Achieving this unity is a major challenge in today's practice of psychiatry (3). Many factors contribute to a clinician's developing a skilled supportive psychotherapy stance—understanding countertransference and transference, being psychodynamically informed, understanding cognitive development, and having a knowledge of learning theory. A working alliance is built by empathic comments, which are more effective when they reflect an appreciation of both the overt and covert meanings of the stress patients endure. Restatements that help to focus the work are fine-tuned by listening to the unspoken concerns contained in a patient's rambling commentary.

How do we work to achieve this competency in our residency programs? Without the leisure we had in years past, our teaching must be focused. I teach a seminar for our second-year residents using Beitman's time-efficient modules for learning psychotherapy (4). His manual presents in an organized fashion the basic tools common to all psychotherapies. Using case material, residents learn to identify the various types of therapists' verbal interventions and the intended effects. They also learn the definition of and tools for creating a working alliance. They learn to identify patients' patterns of behavior, resistance, transference, and countertransference. Other parts of the curriculum include a seminar that helps residents arrive at a dynamic formulation (5), a survey of psychodynamic theory (6), and courses taught by experts in cognitive and interpersonal therapy. Finally, with a course on brief integrated psychotherapy, we pull together all the therapies, using case examples.

Can this information be applied in the pressure cooker of today's clinical setting? Yes, if the psychiatrist is attuned to the material. The information about Jane and Sam was easily and rapidly gathered in the first meeting with them. It required only focusing the interview on the relevant areas, being alert to affects and latent content, and providing an empathic setting. But it is true that in today's world an effective clinician must be sophisticated in the workings of the mind in order to catch on early in the interview to what is obvious and what is nuanced, because sometimes only brief contacts in which to respond sensitively and effectively are available.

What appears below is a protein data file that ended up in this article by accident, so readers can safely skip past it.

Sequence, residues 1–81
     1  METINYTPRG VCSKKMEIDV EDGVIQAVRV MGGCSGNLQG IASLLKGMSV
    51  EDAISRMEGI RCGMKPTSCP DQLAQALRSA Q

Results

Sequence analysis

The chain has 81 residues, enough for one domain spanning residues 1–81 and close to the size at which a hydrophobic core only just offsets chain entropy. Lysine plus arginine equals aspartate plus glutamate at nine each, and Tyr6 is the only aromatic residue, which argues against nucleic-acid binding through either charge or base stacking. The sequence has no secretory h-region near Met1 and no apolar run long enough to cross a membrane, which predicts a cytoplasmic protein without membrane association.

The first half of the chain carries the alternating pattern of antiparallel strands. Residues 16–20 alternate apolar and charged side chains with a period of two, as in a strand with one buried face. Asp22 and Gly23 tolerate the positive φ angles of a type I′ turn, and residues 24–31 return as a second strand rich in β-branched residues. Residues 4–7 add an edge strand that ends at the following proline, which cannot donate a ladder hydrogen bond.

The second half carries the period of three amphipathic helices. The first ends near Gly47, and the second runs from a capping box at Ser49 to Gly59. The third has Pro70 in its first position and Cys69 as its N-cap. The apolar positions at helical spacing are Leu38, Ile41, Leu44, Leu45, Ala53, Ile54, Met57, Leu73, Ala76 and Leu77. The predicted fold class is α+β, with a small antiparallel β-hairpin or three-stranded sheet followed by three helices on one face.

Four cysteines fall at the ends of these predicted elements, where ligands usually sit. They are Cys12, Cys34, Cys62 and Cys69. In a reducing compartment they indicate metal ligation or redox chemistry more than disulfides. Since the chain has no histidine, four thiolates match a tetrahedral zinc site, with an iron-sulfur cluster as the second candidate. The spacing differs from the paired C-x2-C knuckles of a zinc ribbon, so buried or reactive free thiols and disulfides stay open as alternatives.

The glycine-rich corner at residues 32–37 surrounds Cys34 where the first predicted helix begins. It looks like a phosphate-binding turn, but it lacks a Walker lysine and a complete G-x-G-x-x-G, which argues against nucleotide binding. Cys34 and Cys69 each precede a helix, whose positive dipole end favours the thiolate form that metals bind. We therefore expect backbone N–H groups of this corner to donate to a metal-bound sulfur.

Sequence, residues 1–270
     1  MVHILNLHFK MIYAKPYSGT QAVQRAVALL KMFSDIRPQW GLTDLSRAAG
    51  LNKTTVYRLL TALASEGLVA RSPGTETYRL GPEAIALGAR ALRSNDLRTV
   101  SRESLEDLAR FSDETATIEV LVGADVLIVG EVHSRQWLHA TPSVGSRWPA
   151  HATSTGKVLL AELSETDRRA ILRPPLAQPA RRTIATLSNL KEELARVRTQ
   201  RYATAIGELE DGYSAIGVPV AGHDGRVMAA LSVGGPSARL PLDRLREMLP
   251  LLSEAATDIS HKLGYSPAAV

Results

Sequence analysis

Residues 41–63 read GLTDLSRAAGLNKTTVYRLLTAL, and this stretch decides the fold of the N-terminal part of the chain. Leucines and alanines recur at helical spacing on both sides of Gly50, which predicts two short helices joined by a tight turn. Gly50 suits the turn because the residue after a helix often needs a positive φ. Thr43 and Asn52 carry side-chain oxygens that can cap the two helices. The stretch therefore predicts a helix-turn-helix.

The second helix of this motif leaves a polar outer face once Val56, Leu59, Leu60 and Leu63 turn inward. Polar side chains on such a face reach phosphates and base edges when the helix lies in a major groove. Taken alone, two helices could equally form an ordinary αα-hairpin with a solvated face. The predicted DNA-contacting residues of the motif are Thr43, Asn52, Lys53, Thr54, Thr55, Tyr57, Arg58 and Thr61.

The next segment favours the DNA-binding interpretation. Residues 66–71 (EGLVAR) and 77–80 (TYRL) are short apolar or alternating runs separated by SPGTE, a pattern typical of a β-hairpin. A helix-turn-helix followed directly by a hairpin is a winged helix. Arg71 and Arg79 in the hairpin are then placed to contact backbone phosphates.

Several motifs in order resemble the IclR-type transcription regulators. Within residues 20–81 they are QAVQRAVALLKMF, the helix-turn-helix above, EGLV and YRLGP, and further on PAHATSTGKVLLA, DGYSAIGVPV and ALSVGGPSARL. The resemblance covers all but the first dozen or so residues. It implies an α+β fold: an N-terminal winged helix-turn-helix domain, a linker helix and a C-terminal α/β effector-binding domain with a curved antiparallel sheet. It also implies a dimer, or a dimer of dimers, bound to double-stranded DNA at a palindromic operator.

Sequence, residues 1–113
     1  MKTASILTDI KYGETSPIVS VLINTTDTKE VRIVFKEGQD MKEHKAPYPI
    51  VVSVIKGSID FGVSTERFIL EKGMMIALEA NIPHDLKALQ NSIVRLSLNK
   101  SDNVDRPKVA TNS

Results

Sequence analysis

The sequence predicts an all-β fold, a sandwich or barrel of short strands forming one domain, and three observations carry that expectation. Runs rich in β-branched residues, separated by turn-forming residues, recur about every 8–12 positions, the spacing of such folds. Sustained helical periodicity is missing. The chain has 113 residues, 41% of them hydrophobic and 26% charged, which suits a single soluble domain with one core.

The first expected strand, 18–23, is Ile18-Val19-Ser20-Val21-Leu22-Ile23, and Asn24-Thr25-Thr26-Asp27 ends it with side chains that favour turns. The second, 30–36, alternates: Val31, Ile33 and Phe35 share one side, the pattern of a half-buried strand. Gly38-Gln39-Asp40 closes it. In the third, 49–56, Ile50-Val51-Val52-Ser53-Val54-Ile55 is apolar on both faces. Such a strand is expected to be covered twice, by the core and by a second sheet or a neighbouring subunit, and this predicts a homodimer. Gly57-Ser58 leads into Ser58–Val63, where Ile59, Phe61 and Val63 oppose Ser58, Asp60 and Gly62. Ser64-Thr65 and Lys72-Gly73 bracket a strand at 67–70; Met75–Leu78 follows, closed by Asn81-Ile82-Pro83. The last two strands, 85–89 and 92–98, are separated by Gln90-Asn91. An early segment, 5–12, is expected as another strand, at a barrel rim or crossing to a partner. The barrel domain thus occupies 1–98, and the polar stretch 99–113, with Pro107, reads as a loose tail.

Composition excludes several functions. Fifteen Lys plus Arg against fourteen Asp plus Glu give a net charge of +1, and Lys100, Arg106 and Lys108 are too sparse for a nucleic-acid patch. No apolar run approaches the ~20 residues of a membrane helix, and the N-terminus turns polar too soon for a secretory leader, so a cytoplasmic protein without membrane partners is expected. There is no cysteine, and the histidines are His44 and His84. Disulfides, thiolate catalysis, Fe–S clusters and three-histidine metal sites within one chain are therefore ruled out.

In this issue, Psychiatric Services introduces a column on psychotherapy. I am delighted to have been asked to edit the column. I will present issues that are alive in our work in public-sector psychiatry. I urge you to e-mail me your comments, criticisms, and suggestions for future columns. Together we will see that despite the exigencies of health care economics, we have a paradigm that allows us to provide our patients with individualized high-quality care.

Dr. Goin, who is the editor of this new quarterly column, is clinical professor of psychiatry and the behavioral sciences at the University of Southern California School of Medicine. Send correspondence to her at 1127 Wilshire Boulevard, Suite 1115, Los Angeles, CA 90017 (e-mail, mgoin@hsc.usc.edu).

Fenton WS, McGlashan TH: We can talk: individual psychotherapy for schizophrenia. American Journal of Psychiatry 154:1 493-1495,  1997
 
Sharfstein S: In the year 2099. Archives of General Psychiatry 56:1151-1152,  1999
 
Goin MK: Psychiatry's struggle for unity. Journal of Psychiatric Practice, in press
 
Beitman BD, Yue D: Learning Psychotherapy: A Time-Efficient, Research-Based, and Outcome-Measured Psychotherapy Training Program. New York, Norton, 1999
 
Perry S, Cooper AM, Michels R: The psychodynamic formulation: its purpose, structure, and clinical application. American Journal of Psychiatry 144:543-550,  1987
 
Gabbard G: Psychodynamic Psychiatry in Clinical Practice, 3rd ed. Washington, DC, American Psychiatric Press, 2000
 
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References

Fenton WS, McGlashan TH: We can talk: individual psychotherapy for schizophrenia. American Journal of Psychiatry 154:1 493-1495,  1997
 
Sharfstein S: In the year 2099. Archives of General Psychiatry 56:1151-1152,  1999
 
Goin MK: Psychiatry's struggle for unity. Journal of Psychiatric Practice, in press
 
Beitman BD, Yue D: Learning Psychotherapy: A Time-Efficient, Research-Based, and Outcome-Measured Psychotherapy Training Program. New York, Norton, 1999
 
Perry S, Cooper AM, Michels R: The psychodynamic formulation: its purpose, structure, and clinical application. American Journal of Psychiatry 144:543-550,  1987
 
Gabbard G: Psychodynamic Psychiatry in Clinical Practice, 3rd ed. Washington, DC, American Psychiatric Press, 2000